172. Demonstrate an understanding of the ADA.
  173. Identify strategies for the child care provider that will promote successful child development.
  174. Demonstrate an understanding of developmentally appropriate practices for infants and toddlers with developmental, emotional, cognitive, language and/or physical needs.
  175. Identify strategies to ensure appropriate infant and toddler supervision.
  176. Identify the components of a lesson plan for infants and toddlers.
  177. Identify different learning styles of young children
  178. Identify the different learning concepts related to block play.
  179. Identify the role of family in society
  180. Identify adaptations to materials and equipment for children with diagnosed special needs or delay
  181. Demonstrate an understanding of diverse perspectives, and navigate the ambiguity and complexity that comes with that.
  182. Demonstrate an understanding of how to be open to new perspectives and diverse others.
  183. Identify stages and milestones of development for ages 1 to 5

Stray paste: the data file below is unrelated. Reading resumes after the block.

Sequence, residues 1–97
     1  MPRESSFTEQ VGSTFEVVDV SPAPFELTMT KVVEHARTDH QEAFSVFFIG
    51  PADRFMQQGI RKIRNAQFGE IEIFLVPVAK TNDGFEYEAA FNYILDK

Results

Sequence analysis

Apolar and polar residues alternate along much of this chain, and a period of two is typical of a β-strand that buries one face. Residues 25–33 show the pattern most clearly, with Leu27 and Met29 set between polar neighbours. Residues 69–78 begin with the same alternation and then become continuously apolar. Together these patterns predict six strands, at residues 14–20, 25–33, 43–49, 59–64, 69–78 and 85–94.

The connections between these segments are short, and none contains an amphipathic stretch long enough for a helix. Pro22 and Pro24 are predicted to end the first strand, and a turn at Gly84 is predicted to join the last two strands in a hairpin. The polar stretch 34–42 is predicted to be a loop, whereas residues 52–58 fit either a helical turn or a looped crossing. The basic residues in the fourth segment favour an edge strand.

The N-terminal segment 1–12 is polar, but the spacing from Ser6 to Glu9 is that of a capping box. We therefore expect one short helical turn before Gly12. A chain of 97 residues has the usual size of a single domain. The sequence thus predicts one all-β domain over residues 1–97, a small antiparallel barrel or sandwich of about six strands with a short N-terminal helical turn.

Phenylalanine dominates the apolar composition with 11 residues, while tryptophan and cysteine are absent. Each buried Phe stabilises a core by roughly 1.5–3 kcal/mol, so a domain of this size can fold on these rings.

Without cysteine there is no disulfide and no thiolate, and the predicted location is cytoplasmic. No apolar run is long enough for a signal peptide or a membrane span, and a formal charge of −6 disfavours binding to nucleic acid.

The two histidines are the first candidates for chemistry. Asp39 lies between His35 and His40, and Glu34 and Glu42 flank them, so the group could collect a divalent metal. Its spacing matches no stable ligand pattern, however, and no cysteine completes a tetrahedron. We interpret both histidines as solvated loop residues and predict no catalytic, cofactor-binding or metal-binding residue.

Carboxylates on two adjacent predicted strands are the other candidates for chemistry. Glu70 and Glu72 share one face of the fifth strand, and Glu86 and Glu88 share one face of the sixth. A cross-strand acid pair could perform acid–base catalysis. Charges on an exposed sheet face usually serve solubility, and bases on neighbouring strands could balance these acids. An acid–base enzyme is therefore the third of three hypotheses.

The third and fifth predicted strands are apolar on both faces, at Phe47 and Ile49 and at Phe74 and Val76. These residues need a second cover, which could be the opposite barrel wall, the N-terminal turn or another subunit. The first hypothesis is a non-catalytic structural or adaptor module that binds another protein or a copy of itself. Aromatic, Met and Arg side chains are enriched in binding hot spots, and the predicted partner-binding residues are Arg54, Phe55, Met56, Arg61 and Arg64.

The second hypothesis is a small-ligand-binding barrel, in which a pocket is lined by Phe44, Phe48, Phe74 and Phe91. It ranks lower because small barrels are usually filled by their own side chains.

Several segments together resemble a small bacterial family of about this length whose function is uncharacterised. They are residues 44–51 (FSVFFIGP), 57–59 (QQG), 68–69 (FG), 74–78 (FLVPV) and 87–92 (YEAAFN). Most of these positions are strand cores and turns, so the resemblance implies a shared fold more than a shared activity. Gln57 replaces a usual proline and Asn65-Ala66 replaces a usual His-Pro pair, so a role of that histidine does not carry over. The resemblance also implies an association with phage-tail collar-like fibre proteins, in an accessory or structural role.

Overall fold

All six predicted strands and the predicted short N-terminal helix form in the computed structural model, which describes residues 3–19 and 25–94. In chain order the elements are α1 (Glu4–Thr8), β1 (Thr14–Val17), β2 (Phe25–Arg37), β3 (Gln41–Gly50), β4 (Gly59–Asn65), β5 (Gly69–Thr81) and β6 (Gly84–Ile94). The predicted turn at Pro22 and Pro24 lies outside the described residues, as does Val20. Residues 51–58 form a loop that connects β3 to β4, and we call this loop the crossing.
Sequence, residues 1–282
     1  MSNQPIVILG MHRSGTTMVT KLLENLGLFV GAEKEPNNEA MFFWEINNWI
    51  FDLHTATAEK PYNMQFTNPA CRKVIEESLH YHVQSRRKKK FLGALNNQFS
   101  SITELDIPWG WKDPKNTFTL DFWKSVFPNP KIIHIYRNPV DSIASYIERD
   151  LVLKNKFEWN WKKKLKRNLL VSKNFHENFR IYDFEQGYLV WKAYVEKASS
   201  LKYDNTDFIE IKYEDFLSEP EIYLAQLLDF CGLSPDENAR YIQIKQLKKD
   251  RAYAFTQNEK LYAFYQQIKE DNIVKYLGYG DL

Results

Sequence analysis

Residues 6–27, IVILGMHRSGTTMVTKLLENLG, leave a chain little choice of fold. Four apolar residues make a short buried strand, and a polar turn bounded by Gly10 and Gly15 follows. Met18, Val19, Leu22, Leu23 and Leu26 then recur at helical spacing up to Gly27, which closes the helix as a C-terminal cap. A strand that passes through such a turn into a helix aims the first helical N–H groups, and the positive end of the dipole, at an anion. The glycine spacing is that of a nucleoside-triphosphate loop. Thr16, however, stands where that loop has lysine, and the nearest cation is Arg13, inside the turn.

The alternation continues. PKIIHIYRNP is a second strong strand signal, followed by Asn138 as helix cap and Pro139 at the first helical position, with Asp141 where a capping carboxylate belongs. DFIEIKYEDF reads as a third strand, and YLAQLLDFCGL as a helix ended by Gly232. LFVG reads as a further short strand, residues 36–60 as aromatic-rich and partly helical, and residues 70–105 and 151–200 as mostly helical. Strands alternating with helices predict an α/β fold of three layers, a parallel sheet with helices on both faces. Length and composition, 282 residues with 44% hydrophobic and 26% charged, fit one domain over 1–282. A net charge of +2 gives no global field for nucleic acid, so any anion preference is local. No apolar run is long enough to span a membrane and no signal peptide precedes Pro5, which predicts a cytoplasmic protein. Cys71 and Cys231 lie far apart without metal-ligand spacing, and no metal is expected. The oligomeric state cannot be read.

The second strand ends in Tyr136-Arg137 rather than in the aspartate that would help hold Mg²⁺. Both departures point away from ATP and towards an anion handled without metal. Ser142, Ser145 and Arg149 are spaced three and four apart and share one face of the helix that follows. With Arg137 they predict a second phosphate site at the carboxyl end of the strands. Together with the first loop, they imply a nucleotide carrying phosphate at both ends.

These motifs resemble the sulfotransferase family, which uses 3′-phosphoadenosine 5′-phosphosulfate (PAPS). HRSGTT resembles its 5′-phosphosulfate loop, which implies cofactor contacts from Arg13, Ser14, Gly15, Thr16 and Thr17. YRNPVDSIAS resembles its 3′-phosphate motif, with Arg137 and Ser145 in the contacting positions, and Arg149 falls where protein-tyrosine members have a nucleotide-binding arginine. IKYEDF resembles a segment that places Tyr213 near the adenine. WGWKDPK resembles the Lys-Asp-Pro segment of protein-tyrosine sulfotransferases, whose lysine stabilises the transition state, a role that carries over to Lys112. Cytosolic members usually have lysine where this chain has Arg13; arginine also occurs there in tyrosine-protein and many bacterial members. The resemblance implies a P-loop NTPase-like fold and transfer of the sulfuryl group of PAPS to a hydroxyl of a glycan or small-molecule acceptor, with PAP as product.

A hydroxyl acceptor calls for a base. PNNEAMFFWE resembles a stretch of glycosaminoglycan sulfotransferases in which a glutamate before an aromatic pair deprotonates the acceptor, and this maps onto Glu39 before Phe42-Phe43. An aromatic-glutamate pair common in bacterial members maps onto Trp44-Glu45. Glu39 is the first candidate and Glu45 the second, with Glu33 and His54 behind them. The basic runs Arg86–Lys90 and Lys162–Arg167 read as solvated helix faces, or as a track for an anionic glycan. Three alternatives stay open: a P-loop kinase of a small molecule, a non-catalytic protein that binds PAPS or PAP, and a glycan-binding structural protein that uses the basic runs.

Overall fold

184. Demonstrate an understanding of observational techniques that result in accurate and objective observation
  185. Identify parenting styles and the influence those styles have on child development
  186. Identify communication issues that are common in the early care and education environment
  187. Select activities to focus on play, exploration, and constructive approaches to learning math.
  188. Describe open-ended art concepts.
  189. Demonstrate understanding of effective listening skills in childcare.
  190. Demonstrate appropriate/effective responses as they relate to a variety of typical child care scenarios.
  191. Give examples of new open-ended art techniques to use with children.
  192. Demonstrate an understanding of the information that should be communicated regularly with staff, parents, and the community
  193. Demonstrate methods to address gender stereotypes and sexism in the classroom related to children’s math abilities
Criteria to earn CEUs:
Certificates are awarded when the following criteria have been met by the learner:
  1. Class has been paid in full
  2. All material has been reviewed